I'm relieved, and a little amused, to find that "the old tour agency game" that I played so many times back in South America, can be played here in Thailand as well. And the rules are virtually identical, too. Here in Chiang Mai, it's the usual setup: there are a hundred different agencies, all offering similar activities, and all quoting slightly different prices. But in the end, they all ring up exactly the same people who actually run the tours, and they all send you on exactly the same tour; and really, it's all exactly the same thing. So you may as well just visit 5 or 10 of them, pick the one that quotes the cheapest price, bargain them down further still, and go for it — because the price and the agency doesn't matter in the slightest, it's all the same tour. Thailand also operates by the standard "book when you get there" rule: it's cheaper to book things when you arrive in Chiang Mai, than to book them from Bangkok (same as booking in Cusco vs Lima), as more cities away only means more middlemen, each of whom will take a cut as they call the next friend down the chain. C'mon, Thailand: you think I started backpacking yesterday, or something? I know this game, you don't fool me!
Having managed to get my new emergency passport this afternoon, I had no reason to hang around in Rome any longer (nor anywhere to stay in Rome); so I continued on to my next destination: Pisa. The train to Pisa was an easy three hours, with a change in Florence: I got the high-speed "EuroStar Italia" from Rome to Florence, which was nice but absolutely packed — I can see why they have compulsory reservations on the EuroStar trains. From Florence, it was just an all-stops local train to Pisa Centrale — I pulled in there at about 8:30pm. And when I arrived, I found the famous city to be completely enveloped in a thick fog. Not to worry: the fog didn't stop me finding my bed for the night; and it had all cleared up by the next morning.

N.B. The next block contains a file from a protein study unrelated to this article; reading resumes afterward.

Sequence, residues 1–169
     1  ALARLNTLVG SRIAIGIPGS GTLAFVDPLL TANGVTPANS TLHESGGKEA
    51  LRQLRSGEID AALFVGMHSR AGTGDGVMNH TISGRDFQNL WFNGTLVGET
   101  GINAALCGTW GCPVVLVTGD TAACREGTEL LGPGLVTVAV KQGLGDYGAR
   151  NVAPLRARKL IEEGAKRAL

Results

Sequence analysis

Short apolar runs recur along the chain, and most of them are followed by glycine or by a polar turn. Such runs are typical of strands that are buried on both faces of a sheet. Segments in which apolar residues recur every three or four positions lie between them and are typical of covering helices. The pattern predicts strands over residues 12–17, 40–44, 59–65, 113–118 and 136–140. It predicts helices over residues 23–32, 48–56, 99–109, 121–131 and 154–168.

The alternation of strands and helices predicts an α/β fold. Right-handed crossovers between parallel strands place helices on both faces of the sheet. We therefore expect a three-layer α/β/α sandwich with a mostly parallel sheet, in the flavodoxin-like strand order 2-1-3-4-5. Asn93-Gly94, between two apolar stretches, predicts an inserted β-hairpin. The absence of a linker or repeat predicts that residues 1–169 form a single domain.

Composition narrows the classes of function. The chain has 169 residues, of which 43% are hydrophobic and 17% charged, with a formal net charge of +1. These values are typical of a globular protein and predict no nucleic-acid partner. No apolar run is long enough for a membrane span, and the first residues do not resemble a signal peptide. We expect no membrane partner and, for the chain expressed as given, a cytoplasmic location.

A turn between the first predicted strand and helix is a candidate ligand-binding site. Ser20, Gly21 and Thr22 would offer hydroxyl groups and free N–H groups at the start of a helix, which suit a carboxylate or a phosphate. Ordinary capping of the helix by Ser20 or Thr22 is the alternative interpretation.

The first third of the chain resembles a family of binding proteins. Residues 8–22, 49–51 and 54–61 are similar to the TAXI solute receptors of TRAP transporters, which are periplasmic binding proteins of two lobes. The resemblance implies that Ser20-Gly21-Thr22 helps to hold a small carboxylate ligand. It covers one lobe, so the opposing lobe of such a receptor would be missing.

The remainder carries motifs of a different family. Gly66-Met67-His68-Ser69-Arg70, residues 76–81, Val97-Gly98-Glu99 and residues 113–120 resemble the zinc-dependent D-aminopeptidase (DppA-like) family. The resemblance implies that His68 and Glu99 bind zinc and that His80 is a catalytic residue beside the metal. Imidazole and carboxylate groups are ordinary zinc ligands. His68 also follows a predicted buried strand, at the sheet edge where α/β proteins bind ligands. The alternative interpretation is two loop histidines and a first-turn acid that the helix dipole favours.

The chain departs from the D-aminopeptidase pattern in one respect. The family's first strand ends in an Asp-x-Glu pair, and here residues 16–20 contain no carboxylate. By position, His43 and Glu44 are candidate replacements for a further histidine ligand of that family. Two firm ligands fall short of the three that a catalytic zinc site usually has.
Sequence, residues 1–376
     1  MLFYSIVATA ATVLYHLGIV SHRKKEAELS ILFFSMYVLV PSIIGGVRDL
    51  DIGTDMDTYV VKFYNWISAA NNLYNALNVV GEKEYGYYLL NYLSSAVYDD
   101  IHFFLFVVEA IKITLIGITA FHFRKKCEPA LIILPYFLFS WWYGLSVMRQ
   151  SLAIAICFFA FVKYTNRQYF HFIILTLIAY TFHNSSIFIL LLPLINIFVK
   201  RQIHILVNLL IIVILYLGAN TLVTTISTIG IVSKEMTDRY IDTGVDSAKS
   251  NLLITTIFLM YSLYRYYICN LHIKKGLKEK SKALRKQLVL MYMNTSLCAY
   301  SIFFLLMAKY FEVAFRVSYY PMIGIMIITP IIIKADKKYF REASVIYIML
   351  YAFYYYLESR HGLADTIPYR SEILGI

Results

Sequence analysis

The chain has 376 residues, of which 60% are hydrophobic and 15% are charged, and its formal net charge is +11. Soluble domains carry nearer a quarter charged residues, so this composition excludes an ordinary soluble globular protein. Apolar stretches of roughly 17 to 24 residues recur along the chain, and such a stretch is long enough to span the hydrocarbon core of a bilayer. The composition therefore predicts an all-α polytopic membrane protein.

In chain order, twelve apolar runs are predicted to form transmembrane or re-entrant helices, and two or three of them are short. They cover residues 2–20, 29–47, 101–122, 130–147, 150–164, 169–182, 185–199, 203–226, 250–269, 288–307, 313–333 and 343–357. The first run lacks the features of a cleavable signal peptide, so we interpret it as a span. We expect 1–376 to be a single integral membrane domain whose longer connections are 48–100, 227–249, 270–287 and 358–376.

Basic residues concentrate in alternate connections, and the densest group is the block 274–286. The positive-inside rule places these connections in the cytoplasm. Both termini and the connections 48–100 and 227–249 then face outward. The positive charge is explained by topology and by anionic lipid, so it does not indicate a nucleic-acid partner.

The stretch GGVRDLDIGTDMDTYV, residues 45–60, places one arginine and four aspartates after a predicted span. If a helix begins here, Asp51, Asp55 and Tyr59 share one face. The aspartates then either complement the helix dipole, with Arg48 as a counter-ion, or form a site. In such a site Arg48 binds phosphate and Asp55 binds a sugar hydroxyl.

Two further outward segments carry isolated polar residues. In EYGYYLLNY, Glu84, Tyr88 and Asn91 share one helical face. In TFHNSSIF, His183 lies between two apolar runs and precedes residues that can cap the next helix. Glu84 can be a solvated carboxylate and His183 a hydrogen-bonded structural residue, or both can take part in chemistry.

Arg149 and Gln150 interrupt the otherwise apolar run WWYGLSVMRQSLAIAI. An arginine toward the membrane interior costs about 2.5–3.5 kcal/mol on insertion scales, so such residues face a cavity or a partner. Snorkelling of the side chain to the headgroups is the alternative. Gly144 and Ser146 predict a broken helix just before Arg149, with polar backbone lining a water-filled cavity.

I arrived in Huaraz at 6am this morning, and I discovered once again that in this part of the world, things change very quickly. Some places move. Other places close down. Out-of-date Lonely Planet guides can't keep pace. And at the break of dawn, after spending the whole night on a bumpy bus, it's all just a bit too much to handle. Welcome to Huaraz — can I sleep now?
Over the past three days, I've spent a lot of time working on the new English content for the Amigos web site. I've gotten a lot written, but there's still a fair bit more to do. However, I'm afraid that I won't be doing the rest. Due to an unexpected clash of personalities in the office, my time spent volunteering for Amigos has come to an end. I'm happy with what I've accomplished here, but I can do no more.
Cusco is the heartland of the ancient Incan Empire, and of the Quechuan race; and as such, the majority of people in the Cusco area still speak Quechua as their native tongue. When I got a taxi across town today, my driver decided to share a bit of basic Quechua with me. It's a bloody hard language, and I couldn't really remember any of the phrases he taught me. But at least he was trying to teach me, and I was trying to learn.
Jesus is the founder and the director of Amigos, and he's a very complicated guy. He has enormous talent, diligence, and ambition; yet he has many fears, doubts, and dilemnas to contend with. He genuinely wants to help and to serve the kids that he works with; yet he also indulges in the luxuries of high-class Cusco that most locals cannot enjoy. And he's technically the boss, above and in charge of everyone around him; yet the people around him are his best friends, closer than his family, and he hangs out with them and parties with them, and he treats and respects all as his equals.